Mon | Nov 12, 2018

McLEAN MURDER TRIAL: Accused apologises to judge for boisterous behaviour

Published:Thursday | February 1, 2018 | 5:58 PM

Damion Mitchell, Integration Editor

Murder accused Michael McLean has said sorry to Justice Bertram Morrison for his boisterous behaviour in court this morning.

"I’m sorry about this morning," McLean said as attorneys rose this afternoon for adjournment at the end of day two of his murder trial.

"Apology accepted, no harm done," Morrison replied.

McLean is on trial for the murder of six people from two families in 2006.

This morning he got into a tirade as he fired his lawyer in court saying that he had not been doing a good job.

Meanwhile, McLean is now representing himself.

‎"You are aware that Mr Collman was appointed to represent you?" Morrison asked.

"Not appointed, I paid him!" McLean shouted.

"I withdraw," Collman said.

But Morrison said he would not allow the defence counsel to withdraw at this point.

Instead, he asked Collman to remain to assist McLean with the technical legal matters.

During the boisterous display by McLean, Morrison threatened to impose restraint on him.

If you persist with that behaviour I'm going to ask that they muzzle you," Morrison said.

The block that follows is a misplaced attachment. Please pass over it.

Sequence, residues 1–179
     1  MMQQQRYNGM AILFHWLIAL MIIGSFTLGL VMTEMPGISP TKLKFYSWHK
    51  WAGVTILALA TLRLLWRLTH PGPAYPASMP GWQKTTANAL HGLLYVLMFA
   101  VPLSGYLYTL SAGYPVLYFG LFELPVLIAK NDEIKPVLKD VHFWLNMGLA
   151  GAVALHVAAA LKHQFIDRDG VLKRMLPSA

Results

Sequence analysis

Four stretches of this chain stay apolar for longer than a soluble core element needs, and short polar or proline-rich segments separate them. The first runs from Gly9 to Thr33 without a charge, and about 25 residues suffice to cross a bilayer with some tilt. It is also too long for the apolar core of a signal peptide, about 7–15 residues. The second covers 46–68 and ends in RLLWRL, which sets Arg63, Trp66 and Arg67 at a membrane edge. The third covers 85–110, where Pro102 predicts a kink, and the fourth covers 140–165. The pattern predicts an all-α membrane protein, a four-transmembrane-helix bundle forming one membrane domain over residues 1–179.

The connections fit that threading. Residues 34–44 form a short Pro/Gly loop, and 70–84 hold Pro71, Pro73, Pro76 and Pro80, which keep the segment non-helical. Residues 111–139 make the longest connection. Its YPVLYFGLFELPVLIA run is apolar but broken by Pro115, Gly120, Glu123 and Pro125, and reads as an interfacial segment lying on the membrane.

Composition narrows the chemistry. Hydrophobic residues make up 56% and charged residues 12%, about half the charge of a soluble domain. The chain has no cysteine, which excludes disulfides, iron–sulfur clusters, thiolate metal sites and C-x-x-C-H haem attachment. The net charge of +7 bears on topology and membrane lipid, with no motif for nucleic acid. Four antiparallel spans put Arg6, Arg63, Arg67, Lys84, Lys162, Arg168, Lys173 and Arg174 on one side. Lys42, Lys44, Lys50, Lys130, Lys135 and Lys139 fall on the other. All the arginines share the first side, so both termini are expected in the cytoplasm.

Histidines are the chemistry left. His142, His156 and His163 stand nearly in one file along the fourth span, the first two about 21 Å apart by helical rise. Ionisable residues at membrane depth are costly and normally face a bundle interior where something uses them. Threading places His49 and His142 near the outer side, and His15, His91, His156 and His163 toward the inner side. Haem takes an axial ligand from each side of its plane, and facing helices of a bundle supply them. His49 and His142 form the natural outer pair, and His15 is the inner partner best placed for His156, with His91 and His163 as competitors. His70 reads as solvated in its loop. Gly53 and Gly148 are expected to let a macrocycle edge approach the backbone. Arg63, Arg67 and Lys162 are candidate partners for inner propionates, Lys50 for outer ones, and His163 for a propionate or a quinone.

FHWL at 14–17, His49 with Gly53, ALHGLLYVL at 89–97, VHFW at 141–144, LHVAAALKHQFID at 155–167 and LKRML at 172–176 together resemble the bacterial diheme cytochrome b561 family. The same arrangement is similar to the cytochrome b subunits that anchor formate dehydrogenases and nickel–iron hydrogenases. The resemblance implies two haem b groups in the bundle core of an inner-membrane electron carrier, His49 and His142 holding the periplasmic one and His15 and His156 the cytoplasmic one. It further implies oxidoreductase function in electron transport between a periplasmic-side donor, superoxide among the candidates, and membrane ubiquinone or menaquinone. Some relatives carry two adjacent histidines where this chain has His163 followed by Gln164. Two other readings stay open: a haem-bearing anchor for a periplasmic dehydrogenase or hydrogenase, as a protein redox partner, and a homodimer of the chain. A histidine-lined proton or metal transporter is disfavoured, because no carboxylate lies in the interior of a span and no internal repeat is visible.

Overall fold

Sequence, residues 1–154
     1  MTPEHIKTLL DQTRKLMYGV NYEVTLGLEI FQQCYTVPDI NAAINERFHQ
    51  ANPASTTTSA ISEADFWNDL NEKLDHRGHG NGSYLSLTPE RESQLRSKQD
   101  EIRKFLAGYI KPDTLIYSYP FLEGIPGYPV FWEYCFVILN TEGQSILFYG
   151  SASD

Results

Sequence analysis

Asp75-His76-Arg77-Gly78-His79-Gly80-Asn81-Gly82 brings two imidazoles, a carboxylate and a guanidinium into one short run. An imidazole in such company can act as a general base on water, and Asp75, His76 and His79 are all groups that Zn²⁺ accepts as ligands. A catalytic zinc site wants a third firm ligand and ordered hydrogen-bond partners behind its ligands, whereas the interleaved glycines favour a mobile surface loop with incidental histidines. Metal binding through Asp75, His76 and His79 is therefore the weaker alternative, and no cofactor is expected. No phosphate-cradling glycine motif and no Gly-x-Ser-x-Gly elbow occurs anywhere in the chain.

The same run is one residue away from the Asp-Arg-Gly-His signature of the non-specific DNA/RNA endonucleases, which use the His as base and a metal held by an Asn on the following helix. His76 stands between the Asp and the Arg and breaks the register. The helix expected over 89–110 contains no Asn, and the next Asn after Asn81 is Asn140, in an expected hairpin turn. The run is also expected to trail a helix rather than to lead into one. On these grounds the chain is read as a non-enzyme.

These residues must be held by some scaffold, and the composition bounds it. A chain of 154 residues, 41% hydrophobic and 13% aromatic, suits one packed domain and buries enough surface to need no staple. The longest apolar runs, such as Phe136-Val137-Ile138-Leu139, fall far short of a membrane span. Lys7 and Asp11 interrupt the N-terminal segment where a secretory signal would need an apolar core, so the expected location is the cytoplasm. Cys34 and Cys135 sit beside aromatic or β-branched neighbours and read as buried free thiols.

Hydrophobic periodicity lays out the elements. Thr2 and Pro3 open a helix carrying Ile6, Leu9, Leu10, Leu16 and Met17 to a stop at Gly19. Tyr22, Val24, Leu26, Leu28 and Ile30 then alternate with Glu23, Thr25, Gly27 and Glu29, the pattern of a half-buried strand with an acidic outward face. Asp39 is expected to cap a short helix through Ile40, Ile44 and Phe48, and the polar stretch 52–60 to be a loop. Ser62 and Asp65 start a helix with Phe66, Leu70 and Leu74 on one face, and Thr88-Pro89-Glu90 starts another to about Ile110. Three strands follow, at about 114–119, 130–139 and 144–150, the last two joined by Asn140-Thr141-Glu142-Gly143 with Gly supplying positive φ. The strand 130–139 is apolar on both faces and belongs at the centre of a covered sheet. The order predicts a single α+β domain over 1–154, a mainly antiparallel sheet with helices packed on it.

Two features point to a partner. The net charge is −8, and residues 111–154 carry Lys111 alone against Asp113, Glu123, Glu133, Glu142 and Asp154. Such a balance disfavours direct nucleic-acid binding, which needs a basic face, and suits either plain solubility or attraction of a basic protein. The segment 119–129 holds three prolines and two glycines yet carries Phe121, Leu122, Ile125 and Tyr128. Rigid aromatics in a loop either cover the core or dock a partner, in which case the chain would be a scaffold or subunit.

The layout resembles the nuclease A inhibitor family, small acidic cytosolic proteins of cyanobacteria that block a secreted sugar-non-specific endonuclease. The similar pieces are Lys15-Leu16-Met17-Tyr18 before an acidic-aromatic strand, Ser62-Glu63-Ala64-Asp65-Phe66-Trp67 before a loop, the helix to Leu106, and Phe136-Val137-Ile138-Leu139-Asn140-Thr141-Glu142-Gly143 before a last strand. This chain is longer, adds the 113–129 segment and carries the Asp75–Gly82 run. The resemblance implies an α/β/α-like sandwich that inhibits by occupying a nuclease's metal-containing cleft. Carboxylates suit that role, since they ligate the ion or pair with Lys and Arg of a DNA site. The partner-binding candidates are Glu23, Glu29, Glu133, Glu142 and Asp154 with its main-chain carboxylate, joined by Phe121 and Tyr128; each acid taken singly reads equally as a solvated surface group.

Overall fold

But McLean's outburst would only grow louder, as he claimed that for the 12 years he has been in custody, his character has been assassinated and he wanted to speak.

He also said in the 12 years he has been in custody under “high security”, he dated two teachers and one secretary and he had the evidence on a memory card he wished to turn over to the Independent Commission of Investigations (INDECOM).

He also made a series of allegations against the director of public prosecutions Paula Llewellyn accusing her of calling his family and making unfavourable comments.

Llewellyn denied the allegations.

As McLean made the charges, his temperament intensified.

"I'm warning you!" Morrison interjected.

"Can I speak now?" ‎McLean shouted.

"I'm warning you," Morrison repeated.

"Jesus Christ!" McLean replied, turning his back to the judge.

He also told the judge that he did not expect a fair trial and so he should be removed from the case.

"I'm not your kid; I don't have to listen to you!" McLean said as he demanded that the judge be removed.

"He has to be restrained now," Morrison said.

A woman police inspector mounted the dock and a male cop stood nearby.

The judge then called for a policeman to mount the dock.

At that point, McLean eventually became calm and no further action was taken.

Meanwhile at the end of the session, McLean, upon completing his first cross-examination uttered: “I did great!”

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